Do Small Businesses Need to be Multilingual?
July 11, 2013
The U.S. continues to lead talks on expanding free trade with Europe and parts of the Pacific with the aim of increasing exports to those regions. But before American small businesses can capitalize and begin offering their products and services overseas, they could hit a well-known hurdle: language barriers.
Language services are a $20 billion industry, according to Hans Fenstermacher, CEO of The Globalization and Localization Association (GALA). These services, which he says are offered largely to small and mid-sized companies, support approximately $1.5 trillion in exports. This causes some to speculate that improving foreign language skills among American businesses could boost exports and narrow the trade gap.
The benefits of knowing more than one language are well-attested. Antonella Sorace, an Italian-born University of Edinburgh professor of developmental linguistics, recently noted in the Financial Times that speaking another language is good for business and the brain. “Hire more multilingual employees, because these employees can communicate better, have better intercultural sensitivity, are better at cooperating, negotiating, compromising. But they can also think more efficiently,” he said.
Research from the American Council on the Teaching of Foreign Languages concludes that “globalization is driving the demand for a U.S. workforce that possesses knowledge of other countries and cultures and is competent in languages other than English... Most of the growth potential for U.S. businesses lies in overseas markets [while] our own markets are facing greater competition from foreign-owned firms, many of which manufacture products on U.S. soil.”
As globalization makes the world seem smaller, more American companies are realizing they have to expand internationally or lose out to those that will.
Fenstermacher told IMT that as businesses' supply chains and customers become increasingly global, “the issue of language becomes more prominent. Multilingual personnel can interact more nimbly with all parts of the business and have a better sense of when and how to use professional language capabilities to meet the business's goals.”
“The ability to work across cultures is no longer a nice-to-have skill set for elite executives; every year it becomes more essential to finding any job at all,” especially for small and mid-size businesses, Stacie Berdan, an international careers expert and award-winning author, told IMT.
“A machine operator at a plant in Topeka that exports widgets to Mumbai needs to know how to interact effectively when Indian customers visit,” she offered as an example. “A farmer in western Pennsylvania can open up potentially rich new revenue streams by understanding exactly what qualities in American ginseng will appeal to the Korean market.”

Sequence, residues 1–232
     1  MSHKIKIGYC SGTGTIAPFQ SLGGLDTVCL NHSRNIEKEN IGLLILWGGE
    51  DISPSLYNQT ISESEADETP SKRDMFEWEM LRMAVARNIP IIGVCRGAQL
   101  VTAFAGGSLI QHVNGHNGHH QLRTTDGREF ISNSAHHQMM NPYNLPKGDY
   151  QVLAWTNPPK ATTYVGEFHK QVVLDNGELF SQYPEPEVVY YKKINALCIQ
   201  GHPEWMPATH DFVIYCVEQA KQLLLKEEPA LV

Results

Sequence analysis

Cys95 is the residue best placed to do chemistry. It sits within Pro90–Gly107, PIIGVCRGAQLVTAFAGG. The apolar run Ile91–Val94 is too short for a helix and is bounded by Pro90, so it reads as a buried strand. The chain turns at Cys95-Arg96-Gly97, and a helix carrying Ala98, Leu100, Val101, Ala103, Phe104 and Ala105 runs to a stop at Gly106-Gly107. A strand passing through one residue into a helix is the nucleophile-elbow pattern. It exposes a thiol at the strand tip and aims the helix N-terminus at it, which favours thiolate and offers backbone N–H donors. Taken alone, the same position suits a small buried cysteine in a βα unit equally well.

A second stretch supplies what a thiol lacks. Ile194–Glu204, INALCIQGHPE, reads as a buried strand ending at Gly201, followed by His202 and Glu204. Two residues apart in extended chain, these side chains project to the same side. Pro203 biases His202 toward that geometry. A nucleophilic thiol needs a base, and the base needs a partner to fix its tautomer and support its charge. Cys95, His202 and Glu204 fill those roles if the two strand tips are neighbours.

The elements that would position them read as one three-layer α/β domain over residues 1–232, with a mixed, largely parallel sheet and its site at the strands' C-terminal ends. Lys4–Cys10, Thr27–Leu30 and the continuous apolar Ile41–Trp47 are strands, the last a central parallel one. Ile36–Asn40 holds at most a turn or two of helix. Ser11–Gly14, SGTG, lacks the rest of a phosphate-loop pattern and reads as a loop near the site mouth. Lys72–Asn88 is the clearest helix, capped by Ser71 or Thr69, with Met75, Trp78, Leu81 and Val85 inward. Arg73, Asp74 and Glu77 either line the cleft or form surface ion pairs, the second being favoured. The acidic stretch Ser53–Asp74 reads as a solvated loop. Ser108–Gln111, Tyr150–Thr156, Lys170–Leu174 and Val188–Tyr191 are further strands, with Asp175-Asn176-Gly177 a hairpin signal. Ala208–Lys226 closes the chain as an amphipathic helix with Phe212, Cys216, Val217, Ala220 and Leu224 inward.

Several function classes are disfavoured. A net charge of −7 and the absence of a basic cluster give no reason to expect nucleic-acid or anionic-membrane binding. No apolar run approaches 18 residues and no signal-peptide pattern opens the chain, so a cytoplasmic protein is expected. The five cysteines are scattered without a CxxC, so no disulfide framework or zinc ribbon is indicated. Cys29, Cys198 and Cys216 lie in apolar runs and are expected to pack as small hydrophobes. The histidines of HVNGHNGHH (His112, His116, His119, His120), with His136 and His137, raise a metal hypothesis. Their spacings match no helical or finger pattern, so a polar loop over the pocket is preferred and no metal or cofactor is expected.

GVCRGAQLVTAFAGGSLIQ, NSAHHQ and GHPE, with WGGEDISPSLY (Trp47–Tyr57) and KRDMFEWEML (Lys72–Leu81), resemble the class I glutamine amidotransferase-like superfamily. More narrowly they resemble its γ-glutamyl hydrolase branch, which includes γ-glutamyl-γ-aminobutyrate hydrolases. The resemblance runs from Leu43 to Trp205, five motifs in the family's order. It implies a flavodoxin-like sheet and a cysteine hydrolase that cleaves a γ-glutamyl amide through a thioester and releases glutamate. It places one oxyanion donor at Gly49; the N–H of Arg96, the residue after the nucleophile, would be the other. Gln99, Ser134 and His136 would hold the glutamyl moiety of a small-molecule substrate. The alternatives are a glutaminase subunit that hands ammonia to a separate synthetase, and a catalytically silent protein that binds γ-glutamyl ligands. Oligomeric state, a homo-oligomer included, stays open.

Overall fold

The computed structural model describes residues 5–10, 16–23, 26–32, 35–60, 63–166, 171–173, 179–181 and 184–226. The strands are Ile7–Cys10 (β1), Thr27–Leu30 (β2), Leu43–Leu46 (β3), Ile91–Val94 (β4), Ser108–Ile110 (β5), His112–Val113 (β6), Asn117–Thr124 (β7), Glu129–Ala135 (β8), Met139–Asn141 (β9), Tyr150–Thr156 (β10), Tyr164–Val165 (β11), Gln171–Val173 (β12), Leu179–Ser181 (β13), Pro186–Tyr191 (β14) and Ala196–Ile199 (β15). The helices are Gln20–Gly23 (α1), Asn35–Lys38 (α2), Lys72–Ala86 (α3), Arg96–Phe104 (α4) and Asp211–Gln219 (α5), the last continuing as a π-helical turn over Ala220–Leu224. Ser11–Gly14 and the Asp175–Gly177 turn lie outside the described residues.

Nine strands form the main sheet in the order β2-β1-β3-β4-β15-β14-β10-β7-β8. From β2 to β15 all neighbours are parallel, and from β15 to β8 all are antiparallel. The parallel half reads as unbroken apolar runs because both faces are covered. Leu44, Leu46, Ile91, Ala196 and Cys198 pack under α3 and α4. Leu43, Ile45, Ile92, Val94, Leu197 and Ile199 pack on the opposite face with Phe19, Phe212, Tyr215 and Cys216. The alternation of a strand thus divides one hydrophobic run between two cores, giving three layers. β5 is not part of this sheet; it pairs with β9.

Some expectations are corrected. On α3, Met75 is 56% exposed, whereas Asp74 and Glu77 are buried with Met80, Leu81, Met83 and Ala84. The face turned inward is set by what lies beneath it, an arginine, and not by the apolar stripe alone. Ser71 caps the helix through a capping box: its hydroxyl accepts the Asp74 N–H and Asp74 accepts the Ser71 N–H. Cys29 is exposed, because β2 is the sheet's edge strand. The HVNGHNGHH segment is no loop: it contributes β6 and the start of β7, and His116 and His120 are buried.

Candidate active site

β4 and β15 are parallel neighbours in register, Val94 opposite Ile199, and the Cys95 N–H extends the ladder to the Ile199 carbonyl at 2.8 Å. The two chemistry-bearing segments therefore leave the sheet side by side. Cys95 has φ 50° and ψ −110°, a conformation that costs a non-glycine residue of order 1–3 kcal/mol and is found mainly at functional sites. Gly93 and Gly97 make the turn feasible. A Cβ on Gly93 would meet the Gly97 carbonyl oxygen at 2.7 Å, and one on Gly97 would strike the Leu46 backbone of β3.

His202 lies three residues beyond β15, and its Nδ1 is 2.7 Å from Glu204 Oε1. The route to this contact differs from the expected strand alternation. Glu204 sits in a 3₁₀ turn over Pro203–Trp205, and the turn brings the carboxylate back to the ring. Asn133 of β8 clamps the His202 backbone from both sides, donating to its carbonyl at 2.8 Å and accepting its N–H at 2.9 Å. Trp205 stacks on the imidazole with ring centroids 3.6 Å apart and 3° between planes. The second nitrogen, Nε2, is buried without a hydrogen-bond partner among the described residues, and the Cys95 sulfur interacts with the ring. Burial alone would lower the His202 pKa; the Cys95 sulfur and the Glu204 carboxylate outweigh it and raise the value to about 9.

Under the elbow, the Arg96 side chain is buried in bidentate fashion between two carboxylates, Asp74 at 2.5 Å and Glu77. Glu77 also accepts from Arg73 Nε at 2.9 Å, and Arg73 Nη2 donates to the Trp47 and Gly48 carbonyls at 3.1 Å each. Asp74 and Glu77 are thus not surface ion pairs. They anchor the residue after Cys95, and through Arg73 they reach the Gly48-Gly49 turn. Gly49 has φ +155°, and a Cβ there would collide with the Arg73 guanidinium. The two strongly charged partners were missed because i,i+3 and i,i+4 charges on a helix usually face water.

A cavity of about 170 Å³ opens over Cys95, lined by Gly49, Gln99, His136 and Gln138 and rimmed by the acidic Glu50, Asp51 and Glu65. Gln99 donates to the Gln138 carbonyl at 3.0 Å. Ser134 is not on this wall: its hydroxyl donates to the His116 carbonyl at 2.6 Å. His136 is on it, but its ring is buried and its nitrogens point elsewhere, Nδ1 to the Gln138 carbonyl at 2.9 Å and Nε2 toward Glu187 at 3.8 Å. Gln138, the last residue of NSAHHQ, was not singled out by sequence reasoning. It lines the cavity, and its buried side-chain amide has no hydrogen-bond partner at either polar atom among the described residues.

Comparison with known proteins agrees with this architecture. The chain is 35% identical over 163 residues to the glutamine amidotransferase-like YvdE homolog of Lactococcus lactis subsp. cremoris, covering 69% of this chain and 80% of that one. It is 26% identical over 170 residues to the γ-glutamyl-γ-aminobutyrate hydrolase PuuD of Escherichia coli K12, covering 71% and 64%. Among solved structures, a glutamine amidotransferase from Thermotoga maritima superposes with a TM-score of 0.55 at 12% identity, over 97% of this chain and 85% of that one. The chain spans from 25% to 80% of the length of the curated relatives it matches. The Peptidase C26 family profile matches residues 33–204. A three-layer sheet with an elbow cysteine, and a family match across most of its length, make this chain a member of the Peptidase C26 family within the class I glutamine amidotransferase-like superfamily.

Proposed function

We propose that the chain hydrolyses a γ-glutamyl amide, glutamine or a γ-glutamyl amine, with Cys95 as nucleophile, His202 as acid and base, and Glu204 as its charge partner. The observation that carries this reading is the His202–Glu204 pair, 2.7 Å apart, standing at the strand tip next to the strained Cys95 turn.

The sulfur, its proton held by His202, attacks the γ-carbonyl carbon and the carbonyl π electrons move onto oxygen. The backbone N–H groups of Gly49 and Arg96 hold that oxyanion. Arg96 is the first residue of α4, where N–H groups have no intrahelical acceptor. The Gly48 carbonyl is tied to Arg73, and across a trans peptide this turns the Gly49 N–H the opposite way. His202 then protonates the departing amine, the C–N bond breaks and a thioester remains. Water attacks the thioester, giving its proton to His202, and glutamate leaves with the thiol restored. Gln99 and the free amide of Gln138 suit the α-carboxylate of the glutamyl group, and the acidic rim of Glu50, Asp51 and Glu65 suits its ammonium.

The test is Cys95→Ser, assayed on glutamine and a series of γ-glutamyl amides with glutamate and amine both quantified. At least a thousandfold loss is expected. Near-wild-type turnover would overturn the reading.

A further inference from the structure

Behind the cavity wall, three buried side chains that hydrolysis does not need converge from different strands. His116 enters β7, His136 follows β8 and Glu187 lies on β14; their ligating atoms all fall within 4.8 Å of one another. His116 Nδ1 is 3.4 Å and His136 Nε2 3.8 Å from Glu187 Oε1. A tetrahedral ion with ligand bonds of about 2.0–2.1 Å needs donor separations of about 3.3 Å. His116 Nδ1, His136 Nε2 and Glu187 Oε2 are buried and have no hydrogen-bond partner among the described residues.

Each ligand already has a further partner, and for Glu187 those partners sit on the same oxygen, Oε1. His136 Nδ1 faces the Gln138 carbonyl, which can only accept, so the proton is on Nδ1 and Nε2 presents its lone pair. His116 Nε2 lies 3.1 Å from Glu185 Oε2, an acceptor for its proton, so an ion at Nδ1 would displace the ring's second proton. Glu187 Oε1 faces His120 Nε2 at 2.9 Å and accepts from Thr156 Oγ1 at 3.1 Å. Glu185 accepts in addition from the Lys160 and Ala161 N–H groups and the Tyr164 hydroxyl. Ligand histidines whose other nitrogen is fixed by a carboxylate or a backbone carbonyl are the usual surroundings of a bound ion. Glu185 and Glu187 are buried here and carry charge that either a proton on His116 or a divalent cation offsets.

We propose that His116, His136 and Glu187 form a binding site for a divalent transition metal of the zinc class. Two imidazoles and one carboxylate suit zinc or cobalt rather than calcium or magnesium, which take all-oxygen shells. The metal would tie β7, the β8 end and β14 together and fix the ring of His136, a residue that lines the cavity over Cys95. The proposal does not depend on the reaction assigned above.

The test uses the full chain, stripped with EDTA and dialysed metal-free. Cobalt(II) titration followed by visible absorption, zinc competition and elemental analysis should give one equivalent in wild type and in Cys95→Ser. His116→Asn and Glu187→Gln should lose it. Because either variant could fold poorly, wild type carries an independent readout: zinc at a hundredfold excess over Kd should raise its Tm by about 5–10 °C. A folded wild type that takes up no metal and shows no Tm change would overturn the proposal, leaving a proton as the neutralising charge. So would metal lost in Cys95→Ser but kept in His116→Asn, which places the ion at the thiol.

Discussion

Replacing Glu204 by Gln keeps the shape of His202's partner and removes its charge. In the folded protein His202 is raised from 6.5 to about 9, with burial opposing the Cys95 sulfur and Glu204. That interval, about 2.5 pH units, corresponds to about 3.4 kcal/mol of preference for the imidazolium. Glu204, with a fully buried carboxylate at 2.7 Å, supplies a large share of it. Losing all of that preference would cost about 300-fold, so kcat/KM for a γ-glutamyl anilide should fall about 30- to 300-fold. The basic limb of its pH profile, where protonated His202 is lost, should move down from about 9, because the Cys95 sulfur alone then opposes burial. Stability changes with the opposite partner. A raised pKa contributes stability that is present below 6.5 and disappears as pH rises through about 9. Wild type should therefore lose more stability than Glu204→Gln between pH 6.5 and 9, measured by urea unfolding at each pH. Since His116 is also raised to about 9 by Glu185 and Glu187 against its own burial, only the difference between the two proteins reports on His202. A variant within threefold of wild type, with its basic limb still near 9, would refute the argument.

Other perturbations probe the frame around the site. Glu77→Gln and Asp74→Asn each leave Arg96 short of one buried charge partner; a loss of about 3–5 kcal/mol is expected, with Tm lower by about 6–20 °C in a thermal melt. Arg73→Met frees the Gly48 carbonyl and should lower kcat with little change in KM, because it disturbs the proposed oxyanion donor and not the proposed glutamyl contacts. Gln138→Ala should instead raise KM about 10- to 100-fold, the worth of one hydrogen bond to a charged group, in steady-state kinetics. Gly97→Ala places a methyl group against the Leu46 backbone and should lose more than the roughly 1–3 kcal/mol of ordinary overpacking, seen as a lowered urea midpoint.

Much of the business benefit in learning a foreign language comes from cultural appreciation and understanding that accompanies the language capability. In addition to being able to communicate, bilingual people have what Berdan called one of “the most important professional skills for global workers today -- cross-cultural aptitude, [which is] the ability to appreciate different cultures and solve problems while operating in an environment different from what you’re used to.”
Manufacturers need language skills as much as anybody. Gabriella White, product manager for Innovative Language Learning, a Tokyo-based online business language education company, told IMT that manufacturers, “especially in the technology industries, need to communicate with one another. The importance of [cultivating] business relationships through clear, fluent communication is often underestimated.”
White echoed Berdan’s observation that what could be costing exclusively Anglophonic American companies overseas business might not be simply the lack of language, but the lack of employees with the sort of cross-cultural appreciation that comes with learning a language. She said learning the native tongue demonstrates “courtesy and respect to the foreign country [with] which you are working. This is especially important in places such as Japan.”
But many find that American foreign language education leaves students woefully unprepared to use these skills in foreign cultures. “Historically our language classes in the U.S. have served to prepare students to fulfill language requirements or admissions standards,” Martha G. Abbott, executive director of the American Council on the Teaching of Foreign Languages, told IMT. “There was little attention paid to preparing students to actually use the language to communicate.”
This is starting to change. These days, Abbott said, given increased globalization, technological advances, and widespread use of the Internet, “there is much more interest in developing students’ ability to interact with native speakers. Our national standards in languages for K-16 emphasize developing students’ linguistic and cultural competence and the ability to use the language beyond the classroom walls.”